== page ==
On May 20th the NOAA National Weather Service (NWS) requested SKYWARN trained Amateur Radio Operators to engage in weather spotting for the Colorado ARES Region 1, which includes mainly the North Central area of Colorado including the counties of Adams, Arapahoe, Boulder, Broomfield, Clear Creek, Denver, Douglas, Elbert and Jefferson. This was the main area of severe weather expected by the NWS. SKYWARN spotters are just that, spotters and reporters, and not chasers. They provide essential information for all types of weather hazards, and the main responsibility of a SKYWARN spotter is to identify and describe severe local storms. In an average year, 10,000 severe thunderstorms, 5,000 floods and more than 1,000 tornadoes occur across the United States and these events threaten lives and property. Since the program started in the 1970s, the information provided by SKYWARN trained spotters, coupled with Doppler radar technology, improved satellite and other data. This information has enabled NWS to issue more timely and accurate warnings for tornadoes, severe thunderstorms and flash floods which have saved countless lives.
Region 1District 1 (Adams County, CO) primarily focuses on Adams County, however, if need be they can spot in the surrounding areas as well. When a weather net is setup, spotters report their observations to the net controller via amateur radio on a local county frequency, who then passes significant observations to the NWS via amateur radio on regional frequency to assist in their forecasting and, when necessary, the issue of appropriate alerts and warnings.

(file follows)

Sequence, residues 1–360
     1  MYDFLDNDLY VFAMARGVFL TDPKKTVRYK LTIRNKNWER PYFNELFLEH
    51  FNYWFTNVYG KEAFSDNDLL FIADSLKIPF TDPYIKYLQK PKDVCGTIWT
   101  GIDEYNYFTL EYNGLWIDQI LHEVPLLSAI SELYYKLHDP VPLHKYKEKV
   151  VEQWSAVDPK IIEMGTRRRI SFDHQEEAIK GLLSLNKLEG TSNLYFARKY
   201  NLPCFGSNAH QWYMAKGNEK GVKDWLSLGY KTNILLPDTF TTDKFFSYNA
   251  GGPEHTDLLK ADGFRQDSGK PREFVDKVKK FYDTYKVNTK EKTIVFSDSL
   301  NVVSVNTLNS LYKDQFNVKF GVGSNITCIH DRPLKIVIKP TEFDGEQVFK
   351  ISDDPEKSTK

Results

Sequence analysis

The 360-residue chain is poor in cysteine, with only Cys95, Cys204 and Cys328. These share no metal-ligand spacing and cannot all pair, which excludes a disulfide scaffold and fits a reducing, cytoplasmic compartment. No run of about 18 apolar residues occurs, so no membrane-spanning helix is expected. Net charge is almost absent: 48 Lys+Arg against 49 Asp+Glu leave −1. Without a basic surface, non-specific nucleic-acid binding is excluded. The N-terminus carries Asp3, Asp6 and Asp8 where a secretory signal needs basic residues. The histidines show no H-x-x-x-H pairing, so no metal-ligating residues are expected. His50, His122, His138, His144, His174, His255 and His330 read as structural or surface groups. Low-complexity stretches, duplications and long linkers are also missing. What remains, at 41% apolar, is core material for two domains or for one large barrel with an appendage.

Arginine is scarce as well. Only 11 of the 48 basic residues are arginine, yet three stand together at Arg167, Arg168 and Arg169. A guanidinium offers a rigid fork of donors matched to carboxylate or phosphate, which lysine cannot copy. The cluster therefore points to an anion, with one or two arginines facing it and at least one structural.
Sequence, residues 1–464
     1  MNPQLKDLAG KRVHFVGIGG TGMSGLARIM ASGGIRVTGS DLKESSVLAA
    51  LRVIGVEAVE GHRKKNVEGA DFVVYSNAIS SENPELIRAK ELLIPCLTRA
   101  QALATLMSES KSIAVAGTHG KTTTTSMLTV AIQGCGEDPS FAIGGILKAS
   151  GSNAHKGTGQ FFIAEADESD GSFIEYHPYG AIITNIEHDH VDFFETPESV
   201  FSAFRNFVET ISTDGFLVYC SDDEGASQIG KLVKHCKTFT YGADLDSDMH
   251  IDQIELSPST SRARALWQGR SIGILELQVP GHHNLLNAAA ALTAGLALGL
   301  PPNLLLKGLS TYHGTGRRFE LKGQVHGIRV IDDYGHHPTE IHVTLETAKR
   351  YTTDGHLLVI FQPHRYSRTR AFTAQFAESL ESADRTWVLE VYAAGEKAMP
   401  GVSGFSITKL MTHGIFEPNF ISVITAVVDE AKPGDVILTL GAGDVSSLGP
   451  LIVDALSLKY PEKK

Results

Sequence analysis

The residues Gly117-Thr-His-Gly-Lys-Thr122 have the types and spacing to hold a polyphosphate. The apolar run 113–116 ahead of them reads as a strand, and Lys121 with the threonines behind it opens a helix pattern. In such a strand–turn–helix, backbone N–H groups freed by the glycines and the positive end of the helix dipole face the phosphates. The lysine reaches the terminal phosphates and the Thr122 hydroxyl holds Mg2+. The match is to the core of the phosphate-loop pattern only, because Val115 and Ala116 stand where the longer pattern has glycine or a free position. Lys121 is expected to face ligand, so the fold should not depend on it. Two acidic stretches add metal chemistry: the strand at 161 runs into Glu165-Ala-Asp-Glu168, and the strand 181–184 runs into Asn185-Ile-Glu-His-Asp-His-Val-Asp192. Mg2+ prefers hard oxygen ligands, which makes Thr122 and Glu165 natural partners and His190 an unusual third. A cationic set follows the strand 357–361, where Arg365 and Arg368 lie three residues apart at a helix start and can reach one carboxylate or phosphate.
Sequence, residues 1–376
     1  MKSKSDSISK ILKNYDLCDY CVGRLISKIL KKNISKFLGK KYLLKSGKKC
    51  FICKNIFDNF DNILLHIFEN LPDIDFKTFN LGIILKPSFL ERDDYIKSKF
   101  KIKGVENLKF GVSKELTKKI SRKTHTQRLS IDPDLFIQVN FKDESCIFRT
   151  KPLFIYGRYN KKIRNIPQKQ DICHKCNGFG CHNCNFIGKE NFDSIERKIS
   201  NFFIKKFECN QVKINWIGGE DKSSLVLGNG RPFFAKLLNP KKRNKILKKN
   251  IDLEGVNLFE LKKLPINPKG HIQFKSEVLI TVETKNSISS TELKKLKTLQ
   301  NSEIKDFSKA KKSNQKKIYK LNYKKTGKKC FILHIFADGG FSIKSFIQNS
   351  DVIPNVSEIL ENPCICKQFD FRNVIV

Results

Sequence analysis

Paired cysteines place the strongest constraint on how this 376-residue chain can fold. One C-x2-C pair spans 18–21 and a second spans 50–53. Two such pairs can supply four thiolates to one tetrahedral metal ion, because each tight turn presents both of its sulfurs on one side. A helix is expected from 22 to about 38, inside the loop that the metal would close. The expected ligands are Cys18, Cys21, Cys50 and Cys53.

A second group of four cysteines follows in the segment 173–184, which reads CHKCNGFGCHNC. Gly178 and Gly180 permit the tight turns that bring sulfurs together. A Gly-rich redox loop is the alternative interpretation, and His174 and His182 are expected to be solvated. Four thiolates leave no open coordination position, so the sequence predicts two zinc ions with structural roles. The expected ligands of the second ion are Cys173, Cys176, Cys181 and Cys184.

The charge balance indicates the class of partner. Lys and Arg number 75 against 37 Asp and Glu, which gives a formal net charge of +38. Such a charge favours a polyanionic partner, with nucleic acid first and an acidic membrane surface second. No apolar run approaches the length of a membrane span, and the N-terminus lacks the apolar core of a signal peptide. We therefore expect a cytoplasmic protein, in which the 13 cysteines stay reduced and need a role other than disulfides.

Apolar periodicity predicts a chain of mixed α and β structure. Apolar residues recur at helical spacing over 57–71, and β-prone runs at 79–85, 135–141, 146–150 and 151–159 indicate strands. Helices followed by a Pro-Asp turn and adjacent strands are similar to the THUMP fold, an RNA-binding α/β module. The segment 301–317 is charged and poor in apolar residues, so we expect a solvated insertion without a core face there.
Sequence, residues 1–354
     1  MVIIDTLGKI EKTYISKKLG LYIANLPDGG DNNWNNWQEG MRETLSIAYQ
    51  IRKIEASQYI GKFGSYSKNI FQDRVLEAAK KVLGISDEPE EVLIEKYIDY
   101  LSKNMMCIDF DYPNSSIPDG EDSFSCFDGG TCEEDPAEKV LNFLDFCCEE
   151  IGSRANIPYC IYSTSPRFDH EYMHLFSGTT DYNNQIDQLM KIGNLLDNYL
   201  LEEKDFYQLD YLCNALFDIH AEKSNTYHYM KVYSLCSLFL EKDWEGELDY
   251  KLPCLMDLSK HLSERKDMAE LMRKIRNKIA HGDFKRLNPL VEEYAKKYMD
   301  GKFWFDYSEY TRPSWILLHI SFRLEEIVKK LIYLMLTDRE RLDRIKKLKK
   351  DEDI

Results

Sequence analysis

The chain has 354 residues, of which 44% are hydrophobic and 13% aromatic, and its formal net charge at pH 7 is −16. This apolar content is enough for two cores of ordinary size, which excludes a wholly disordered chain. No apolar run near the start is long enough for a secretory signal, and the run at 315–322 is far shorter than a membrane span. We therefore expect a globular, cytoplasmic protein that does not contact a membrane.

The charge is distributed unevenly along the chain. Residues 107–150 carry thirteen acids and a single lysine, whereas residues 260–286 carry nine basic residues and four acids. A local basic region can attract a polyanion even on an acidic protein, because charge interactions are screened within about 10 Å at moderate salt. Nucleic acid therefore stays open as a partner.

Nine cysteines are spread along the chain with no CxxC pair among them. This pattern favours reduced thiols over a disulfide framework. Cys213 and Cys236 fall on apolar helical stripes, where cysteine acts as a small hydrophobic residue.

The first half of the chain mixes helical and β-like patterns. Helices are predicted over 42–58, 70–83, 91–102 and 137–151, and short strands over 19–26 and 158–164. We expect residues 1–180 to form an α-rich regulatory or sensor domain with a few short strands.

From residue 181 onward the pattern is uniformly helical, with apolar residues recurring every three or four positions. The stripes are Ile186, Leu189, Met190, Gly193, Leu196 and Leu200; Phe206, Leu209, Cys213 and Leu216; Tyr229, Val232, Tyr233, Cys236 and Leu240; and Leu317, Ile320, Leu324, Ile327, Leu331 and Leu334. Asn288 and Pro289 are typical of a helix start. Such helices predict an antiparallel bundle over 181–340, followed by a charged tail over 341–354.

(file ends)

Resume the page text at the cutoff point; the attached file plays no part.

On Tuesday, May 20th, ARES Region 1 District 1 setup a weather net at 2:45 PM local time as did many other districts in the region. This was the beginning of a three day weather event. Heavy thunderstorms ran through the area. Our net had six weather spotters check in and give reports on conditions in their area. No severe weather was observed by R1D1 spotters on that day and the net closed at 5:08 PM.
On Wednesday, May 21st, more severe weather was expected so the ARES R1D1 Weather Net setup again at 12:45 PM with ten spotters checking into the net to give observations. Many rotating wall clouds and hail was reported. A few tornados were spotted and all was reported back to the NWS Boulder. There was lots of weather activity that day and the net was closed at 5:34 PM.
On Thursday, May 22nd , more severe weather was expected so the ARES R1D1 Weather Net was again setup at 1:30 PM, with nine spotters checking in to give observations. Areas of flooding and scud clouds appearing to be funnels were observed. Even though this was more of a calm day, there was much activity with one spotter reporting an accident due to water over the roadway and hydroplaning being the cause. The net closed at 6:05 PM.
Wall Could in NE Colorado on May 20th, 2014
Wall could near Bennett, CO on May 21st, 2014